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On my way home from baseball practice after school today (yes we still have plenty of snow to ride, practice is in the gym) I see a guy parked in the middle of the lake. His sled stopped running, not quite sure what happened but being the friendly snowmobiler that I am, I told him to pull the belt and I'd be back in about 20 minutes. Rode 8 miles home grabbed a tow rope, rode 8 miles back to the middle of the Mascome lake and towed him to his truck. He offered me money but I denied and he thanked me and I was on my way home again. Learned a valuable lesson, always carry the tow rope with ya, coulda saved me 16 valuable miles on my old beat up doo. We need some more friendly people on the trails, on my way to school one day I went off the trail to get into some powder because of low loose snow conditions I was runnin hot, and as you might have guessed, I buried it. I walked 1/2 mile to school and it was 5 degrees out in only pants, my jacket and helmet. After school I walked back to my snowmobile and started tuggin. Two guys rode by, one on a zl 800 and another on a zr 600 as a 14 year old boy pulled on a 500 pound sled in 2 feet of powder. Took me a lot of diggin and a lot of time b4 I got it out. A little more courtesy on the trails?
 

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I agree with you. More courtesy would help our image. Last week in the Soo, a 80 year old woman got lost and turned on to a snowmobile trail. While trying to turn around on the trail, she backed off the trail into 3 feet of powder. We came up on her and tried to push her out but she was bottomed out bad. I rode my sled and got a guy with a 4x4 and he came and pulled her out. After I was think about hooking up my F7 and my girlfriends sled and try to pull her out. That would be funny. Keep it up all you good samaritan snowmobilers out there.
 

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Discussion Starter #3
I've heard more complaints about snowmobilers, soon this is gonna do us in and close some trails. Be nice, slow down when someone is snow shoeing, or x-country skiing, waveto them, I mean what the hell, you don't need to go 90 by them and make them eat your snow dust, theres just the few out there that are giving us a bad rep...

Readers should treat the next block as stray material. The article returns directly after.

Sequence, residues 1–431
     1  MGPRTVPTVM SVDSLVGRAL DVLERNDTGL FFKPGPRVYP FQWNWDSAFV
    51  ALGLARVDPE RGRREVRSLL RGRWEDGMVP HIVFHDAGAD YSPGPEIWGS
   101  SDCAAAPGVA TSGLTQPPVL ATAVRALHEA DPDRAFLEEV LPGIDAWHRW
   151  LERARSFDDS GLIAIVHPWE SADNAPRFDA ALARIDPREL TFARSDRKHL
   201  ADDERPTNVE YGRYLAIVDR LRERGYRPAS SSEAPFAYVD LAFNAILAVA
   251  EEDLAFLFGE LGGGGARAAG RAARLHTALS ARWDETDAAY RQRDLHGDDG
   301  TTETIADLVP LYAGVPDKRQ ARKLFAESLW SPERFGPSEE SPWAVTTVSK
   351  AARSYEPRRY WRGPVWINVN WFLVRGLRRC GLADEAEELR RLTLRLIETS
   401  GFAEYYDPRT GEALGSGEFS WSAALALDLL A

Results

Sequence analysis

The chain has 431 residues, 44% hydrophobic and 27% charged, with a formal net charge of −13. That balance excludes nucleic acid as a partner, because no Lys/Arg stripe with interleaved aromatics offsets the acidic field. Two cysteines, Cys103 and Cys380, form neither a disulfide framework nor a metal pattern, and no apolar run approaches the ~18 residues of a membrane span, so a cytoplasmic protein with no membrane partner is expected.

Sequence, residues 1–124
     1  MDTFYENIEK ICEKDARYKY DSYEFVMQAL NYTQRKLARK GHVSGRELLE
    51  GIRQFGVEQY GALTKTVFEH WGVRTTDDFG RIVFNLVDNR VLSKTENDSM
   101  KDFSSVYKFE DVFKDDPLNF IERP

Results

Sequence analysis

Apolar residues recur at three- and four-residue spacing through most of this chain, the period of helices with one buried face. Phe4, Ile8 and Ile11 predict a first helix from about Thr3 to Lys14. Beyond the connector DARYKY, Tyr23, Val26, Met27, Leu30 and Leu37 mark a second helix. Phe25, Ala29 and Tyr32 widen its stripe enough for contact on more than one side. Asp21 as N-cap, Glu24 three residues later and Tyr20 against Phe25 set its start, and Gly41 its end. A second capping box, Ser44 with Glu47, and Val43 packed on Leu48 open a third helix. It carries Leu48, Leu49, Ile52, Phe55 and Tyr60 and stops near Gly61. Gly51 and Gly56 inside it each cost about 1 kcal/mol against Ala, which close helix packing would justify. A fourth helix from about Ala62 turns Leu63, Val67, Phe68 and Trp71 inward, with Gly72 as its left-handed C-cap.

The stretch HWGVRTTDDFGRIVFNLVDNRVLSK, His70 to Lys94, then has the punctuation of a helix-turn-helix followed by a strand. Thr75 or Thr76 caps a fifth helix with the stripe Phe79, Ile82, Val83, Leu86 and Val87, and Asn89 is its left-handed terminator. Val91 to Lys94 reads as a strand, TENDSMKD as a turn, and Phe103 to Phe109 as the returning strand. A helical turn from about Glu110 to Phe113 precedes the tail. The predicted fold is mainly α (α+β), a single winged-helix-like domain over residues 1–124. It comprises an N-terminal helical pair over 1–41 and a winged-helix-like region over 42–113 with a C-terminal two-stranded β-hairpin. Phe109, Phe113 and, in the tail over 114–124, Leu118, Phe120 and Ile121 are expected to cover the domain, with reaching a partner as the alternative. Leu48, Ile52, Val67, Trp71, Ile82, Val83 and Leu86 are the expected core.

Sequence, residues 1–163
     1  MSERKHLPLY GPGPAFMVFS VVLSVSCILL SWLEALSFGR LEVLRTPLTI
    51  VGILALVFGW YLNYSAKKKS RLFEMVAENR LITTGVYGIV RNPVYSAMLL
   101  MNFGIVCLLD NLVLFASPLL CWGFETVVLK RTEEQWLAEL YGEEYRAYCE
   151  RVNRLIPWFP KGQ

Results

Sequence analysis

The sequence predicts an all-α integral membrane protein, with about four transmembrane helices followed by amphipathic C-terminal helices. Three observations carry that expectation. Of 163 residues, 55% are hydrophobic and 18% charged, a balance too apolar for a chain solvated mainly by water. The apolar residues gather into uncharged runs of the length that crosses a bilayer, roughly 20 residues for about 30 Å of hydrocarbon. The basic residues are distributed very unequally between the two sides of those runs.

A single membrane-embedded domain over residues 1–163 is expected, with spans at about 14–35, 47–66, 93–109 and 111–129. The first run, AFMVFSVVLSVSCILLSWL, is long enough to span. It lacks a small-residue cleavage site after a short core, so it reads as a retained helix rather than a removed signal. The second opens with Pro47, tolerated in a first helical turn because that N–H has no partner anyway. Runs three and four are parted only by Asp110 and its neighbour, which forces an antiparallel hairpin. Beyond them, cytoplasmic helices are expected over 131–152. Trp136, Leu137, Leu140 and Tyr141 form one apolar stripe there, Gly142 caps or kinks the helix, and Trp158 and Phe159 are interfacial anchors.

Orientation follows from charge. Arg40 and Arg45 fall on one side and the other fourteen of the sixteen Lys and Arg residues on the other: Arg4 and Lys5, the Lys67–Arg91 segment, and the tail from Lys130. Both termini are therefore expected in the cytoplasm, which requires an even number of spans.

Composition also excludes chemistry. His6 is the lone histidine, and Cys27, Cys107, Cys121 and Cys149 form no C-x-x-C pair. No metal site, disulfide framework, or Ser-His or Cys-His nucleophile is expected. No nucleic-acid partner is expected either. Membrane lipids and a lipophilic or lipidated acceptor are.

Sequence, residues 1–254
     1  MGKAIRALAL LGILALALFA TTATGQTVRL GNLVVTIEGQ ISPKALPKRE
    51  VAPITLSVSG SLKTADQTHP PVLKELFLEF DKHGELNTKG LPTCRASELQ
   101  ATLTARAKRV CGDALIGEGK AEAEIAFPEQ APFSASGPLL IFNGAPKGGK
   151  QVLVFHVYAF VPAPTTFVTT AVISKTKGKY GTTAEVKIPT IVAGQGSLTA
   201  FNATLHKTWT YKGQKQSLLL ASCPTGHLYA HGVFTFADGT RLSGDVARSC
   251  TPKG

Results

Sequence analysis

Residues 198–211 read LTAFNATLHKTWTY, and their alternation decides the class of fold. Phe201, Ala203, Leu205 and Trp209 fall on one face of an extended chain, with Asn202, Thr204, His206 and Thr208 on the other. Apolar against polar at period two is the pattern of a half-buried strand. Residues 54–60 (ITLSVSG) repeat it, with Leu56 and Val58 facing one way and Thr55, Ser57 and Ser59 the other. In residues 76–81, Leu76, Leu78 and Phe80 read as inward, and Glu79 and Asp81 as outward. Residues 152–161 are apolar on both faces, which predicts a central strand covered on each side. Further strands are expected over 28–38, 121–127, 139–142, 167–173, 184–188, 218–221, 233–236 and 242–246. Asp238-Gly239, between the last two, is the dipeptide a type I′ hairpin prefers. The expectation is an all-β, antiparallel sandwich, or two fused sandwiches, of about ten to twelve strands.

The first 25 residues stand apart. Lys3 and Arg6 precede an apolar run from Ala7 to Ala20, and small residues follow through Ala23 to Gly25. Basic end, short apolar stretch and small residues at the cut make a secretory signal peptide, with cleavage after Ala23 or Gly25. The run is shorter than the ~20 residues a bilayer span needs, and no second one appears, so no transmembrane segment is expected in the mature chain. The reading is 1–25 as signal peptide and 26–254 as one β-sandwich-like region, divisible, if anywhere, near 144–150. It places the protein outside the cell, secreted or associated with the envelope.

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the same thing happend to my kinda. the last blizzard we had in febuary . i was riding my sled alone b.c my dad was plowing and i went across a rode and tried to cross over a snow drift but got stuck. there was nobody on the rodes but by doumb luck this guy in a truck came and helped me get out wish more people would be like that. and the next day i was being smart and rode with my dad he got stuck in the vary same spot but there was more snow b.c when i got stuck the blizzard waz only 3/4 of the way done. luckly i didnt follow him b.c i knew i would get stuck. a nehbor had to plow the drift with his big tractor to get him out and make a path for us to cross over. i dont think it was all the snows fault b.c my dad has a yamie :p
 

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Colt..... you sure don't sound like a 14 yr old kid there. You have the right idea. from what i've seen over the yrs, snowmobilers are some of the friendliest people out there, but due to its ever increasing popularity, we have everybody and their brother riding now!!! respect landowners, go slow through peoples yards, etc etc,,,, common courtesy will keep us riding for many more years. (i hope)
 

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My husband and I were out riding in NY near Penn Mountain a couple of weeks ago. We came around a curve, and there was a vehicle stuck in the trail about 500 feet off the road! She was buried in about 8 inches of soft stuff, but pushing didn't work.
Finally my husband hooked his tow rope to the front of the small suv, and I got in it, and gave it gas. We got the lady out using the sled! Amazing how much power these sleds have!!! :wub: :wub:
 

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I always carry a tow strap. I have lent a few out in the past and never got them back. I also keep a rope in the sled to "lend" to someone when I know I won't get it back. Always carry a folding saw too makes neat work of bushes when someone is stuck off trail. I also carry a small socket set.
Stuff to carry:
Tow Strap
Rope
Leatherman
Small Maglight
First Aid Kit
Siphon Hose
Folding Saw
Matches/lighter
 

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thanks to the guy in the U.P. who ever you are........my camera bag with my 35mm nikon and new digital camera fell off from the back of my wifes 2 up sled, a unknown sledder chased her down for about 3 miles and gave it back to us! THATS COOL! THANKS ;) A MILLION!!!!!
 

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This is a nice thread. The saturday after last, I was riding around outside of town and I saw this little nissan pathinder (pre-'95) and a light truck off-roading 40 miles into the canadian arctic. They drove by and I continued hillclimbing with my buddies. After a while we went down towards where the trucks headed and found them both stuck. So me and eskimosledder spent an hour and a half trying to get them out. Turns out the owner of the little truck had saved someone from hypothermia the week before in the same area...